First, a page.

Saturday, 5 January 2008

Old El Doris Fajita Mix

Last night I developed this recipe. Mr Doris had gotten the rest of the makings for the fajitas but couldn't get the Old El Paso Fajita Seasoning mix. Don't worry says I, remembering one of those army cadet roadshows and an army cook demonstrating cooking in the open. Using a big hot plate and finely sliced chicken (probably at a time when chicken was affordable), onions and peppers and just chili powder, salt and sugar as seasoning. Maybe a little paprika too but not much. It wasn't as red but quite tasty and tasted like fajitas.

Mr Doris insists there is cumin somewhere in amongst it which I dispute but he does some recipe googling and comes up with a recipe a little too complicated for my liking but does include cumin. So I adapted as you do.

Feeds 5 hungry mouths:

2 large teaspoons cumin seeds
2+ teaspoons paprika
1 teaspoon sugar
quarter teaspoon chili powder (could be more to be spicier)
quarter teaspoon salt

2 small red onions, halved and sliced thinly
3 large peppers sliced into thin-ish strips
500 gm raw turkey meat sliced thinly

For serving:
2 tortilla wraps per person
salad leaves
soured cream
grated mozzarella cheese
small bunch coriander leaves chopped

Prepare the spice mix first. I haven't watched all those cookery programmes for nothing, such as the one that used to be hosted by the delightful Jeni Barnett. In fact, I didn't realise I was such an "expert" on the cookery programmes until I chatted with a friend the other night about TV chefs and found myself talking at length and quite knowledgeably about each of the chefs. Something that is quite rare for me as although I might witter on, I rarely feel I speak knowledgeably. Anyway the dear Nigella Lawson, whose delightful turkey in brine recipe I used for Christmas, can take her recent TV offerings and stuff it where the sun don't shine. Pity really as the idea of cooking fast food should be up everyone's street but I don't care for the phoneyness, over-done set-up family situations (do those kids really have an informed choice about being involved?); unrealistically stocked store cupboards and fridges, and most of all ... "this only takes me five minutes to cook" but then swans off out of the house with soup in flask having left devastation in the kitchen for, presumably, the team of cleaners to sort. The Barefoot Contessa is another one for the smarmy "I only had to prepare it the night before" and then switches off the light to go to bed leaving cacky kitchenware to go dry and be impossible for us mere mortals to wash. But I digress.

Dry heat a pan and toss in the cumin seeds to warm and roast. Maybe 90 seconds. Then put into mortar and pestle and grind to a powder - very easy once the cumin has roasted. Add other dry ingredients and pound and mix. Maybe a minute.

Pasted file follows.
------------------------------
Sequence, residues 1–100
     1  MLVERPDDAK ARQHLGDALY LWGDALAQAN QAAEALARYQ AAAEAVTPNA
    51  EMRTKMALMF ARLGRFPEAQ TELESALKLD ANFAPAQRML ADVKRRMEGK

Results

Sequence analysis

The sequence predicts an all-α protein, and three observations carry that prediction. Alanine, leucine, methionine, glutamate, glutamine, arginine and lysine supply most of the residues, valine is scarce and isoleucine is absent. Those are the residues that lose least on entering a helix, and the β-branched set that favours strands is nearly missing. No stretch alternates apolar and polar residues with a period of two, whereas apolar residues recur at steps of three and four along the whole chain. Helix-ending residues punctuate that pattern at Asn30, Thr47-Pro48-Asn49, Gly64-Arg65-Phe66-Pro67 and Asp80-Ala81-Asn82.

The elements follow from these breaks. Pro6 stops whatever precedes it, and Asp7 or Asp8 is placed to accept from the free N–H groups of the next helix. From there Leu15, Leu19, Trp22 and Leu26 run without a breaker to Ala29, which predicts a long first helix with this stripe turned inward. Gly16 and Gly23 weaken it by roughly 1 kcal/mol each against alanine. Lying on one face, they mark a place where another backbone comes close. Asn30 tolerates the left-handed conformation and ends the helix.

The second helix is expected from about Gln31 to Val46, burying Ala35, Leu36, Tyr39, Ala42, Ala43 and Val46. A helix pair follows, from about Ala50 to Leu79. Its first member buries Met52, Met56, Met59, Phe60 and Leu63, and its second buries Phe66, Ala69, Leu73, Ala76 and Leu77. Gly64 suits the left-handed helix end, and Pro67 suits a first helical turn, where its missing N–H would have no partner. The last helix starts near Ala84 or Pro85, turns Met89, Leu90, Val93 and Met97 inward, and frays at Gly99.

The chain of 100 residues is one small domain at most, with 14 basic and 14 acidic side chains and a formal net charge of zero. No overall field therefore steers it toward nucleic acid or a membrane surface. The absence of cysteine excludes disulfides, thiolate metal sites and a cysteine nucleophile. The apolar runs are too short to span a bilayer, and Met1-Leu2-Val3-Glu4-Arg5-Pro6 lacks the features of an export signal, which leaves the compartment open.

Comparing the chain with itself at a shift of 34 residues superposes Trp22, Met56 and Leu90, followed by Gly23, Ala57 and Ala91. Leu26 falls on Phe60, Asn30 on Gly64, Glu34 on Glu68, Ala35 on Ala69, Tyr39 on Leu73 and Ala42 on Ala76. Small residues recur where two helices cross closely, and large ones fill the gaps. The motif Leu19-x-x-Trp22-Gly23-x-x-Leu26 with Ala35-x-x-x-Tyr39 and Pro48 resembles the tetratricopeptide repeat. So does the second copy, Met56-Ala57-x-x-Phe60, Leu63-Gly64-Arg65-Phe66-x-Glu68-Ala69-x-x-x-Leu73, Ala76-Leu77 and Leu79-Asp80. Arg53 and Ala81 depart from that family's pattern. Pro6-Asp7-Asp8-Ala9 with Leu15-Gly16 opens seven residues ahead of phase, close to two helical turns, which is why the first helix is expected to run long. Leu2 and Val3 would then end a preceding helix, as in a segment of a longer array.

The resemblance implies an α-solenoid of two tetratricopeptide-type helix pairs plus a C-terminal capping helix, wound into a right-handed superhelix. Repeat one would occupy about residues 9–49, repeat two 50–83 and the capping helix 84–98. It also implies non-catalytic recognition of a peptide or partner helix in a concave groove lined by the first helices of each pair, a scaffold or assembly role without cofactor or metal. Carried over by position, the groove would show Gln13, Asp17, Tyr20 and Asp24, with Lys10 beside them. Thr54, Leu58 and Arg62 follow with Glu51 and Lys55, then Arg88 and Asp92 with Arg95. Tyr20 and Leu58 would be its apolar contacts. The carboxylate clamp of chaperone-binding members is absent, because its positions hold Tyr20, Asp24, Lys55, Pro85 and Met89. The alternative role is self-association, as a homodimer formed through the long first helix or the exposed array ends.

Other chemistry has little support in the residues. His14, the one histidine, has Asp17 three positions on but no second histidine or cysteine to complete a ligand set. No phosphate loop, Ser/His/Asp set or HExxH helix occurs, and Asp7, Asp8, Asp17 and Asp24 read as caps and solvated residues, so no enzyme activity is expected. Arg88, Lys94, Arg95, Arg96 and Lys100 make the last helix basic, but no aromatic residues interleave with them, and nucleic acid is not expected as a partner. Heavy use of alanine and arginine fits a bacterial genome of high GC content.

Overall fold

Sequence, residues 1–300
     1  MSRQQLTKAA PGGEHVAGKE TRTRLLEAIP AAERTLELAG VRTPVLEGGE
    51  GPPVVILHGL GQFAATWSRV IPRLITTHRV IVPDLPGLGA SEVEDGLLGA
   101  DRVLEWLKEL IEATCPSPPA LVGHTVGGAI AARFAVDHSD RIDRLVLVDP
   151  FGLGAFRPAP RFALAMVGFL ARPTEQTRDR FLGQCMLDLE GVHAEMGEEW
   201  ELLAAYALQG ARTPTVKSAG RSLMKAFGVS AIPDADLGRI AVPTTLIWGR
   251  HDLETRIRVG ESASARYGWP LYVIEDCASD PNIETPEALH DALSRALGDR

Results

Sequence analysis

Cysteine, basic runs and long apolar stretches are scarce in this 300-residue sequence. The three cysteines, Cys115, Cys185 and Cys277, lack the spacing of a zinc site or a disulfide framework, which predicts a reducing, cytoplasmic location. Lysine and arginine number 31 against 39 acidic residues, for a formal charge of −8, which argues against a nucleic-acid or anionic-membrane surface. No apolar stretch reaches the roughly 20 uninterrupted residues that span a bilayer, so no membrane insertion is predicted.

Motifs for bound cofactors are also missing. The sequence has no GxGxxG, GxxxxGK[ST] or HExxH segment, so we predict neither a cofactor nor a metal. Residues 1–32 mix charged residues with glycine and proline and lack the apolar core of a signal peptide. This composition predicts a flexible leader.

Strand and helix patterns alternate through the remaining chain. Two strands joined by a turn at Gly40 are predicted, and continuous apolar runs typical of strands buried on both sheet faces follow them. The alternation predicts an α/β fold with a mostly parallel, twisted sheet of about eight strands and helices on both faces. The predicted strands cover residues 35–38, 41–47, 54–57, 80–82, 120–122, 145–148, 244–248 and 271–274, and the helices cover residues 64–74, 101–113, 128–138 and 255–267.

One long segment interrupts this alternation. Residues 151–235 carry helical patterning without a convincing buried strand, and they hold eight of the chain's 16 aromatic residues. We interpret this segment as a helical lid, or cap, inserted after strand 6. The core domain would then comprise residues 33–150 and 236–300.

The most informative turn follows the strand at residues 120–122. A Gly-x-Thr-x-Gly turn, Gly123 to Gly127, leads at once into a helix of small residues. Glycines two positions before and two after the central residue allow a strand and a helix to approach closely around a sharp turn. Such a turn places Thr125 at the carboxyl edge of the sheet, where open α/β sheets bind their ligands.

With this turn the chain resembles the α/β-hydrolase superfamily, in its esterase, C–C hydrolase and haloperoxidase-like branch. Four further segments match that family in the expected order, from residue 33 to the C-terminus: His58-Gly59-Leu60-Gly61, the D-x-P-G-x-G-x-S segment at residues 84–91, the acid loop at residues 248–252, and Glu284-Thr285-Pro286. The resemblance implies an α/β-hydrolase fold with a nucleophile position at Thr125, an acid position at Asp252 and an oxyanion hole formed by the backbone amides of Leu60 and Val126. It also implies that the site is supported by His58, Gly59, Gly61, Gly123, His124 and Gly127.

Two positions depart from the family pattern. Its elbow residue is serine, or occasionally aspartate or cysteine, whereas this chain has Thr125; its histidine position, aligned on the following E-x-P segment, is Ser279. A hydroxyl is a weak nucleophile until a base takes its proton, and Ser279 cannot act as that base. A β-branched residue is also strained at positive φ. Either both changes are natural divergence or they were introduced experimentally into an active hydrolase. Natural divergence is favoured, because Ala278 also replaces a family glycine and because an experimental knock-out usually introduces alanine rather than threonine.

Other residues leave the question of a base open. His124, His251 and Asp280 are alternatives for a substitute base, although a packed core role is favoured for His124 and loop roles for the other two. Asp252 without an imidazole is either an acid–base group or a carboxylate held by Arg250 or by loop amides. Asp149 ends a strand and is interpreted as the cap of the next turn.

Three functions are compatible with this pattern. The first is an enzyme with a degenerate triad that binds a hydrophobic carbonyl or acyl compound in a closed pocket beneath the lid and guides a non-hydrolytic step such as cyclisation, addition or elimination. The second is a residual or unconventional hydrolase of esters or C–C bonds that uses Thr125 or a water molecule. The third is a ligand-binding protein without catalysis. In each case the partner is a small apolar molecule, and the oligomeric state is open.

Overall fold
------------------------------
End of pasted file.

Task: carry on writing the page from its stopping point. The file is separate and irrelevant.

Wrap tortilla wraps in foil and put in hot oven to warm. Lidl do tortilla wraps at a quarter of the price of the Old El Paso wraps. They may be more fragile than the rubberised El Paso ones but they are bigger and you just have to be careful not to overheat and dry them out.

Pour olive oil into frypan and fry the turkey strips. We actually had the ready-cubed turkey so I fried that and then using kitchen scissors and a fork, picked up pieces and snipped them slimmer in between turning and tossing the meat. Once cooked, throw in all at once the spice mix, the sliced onions and sliced peppers. Stir and toss and keep it moving. I found it dry so added more oil. If I had a greater ratio of peppers to meat then it might not need that extra splash of oil. Keep it cooking for maybe five minutes at most.

Have the table set and the plates heated and the trimmings on the table and then take sizzling frypan to table and let everyone help themselves and wrap their own with chosen ingredients. The chopped coriander was a stroke of genius from Mr Doris which I am glad he insisted upon. It was just divine and made the whole wrap zingier and so delish.


Josephine said...

Old El Doris...Meester Doris must be verrry pleeesed with you??

(Ok,I know, trying to write like a Mexican Bandito is tricky...gimme a break!)

Chandira said...

Aw.. Now, despite just having finished a large veggie burger, I am hungry. lol

I add chipotle to everything, then it all tastes like fajitas, no matter what it is!

Chandira said...

PS, the corriander is called "cilantro" here. I love that stuff, and have been known to eat it as is, as a salad.

Doris said...

Funny how names are different in different English speaking countries. In the UK we have aubergine and courgette whilst in Australia it is respectively eggplant and zucchini!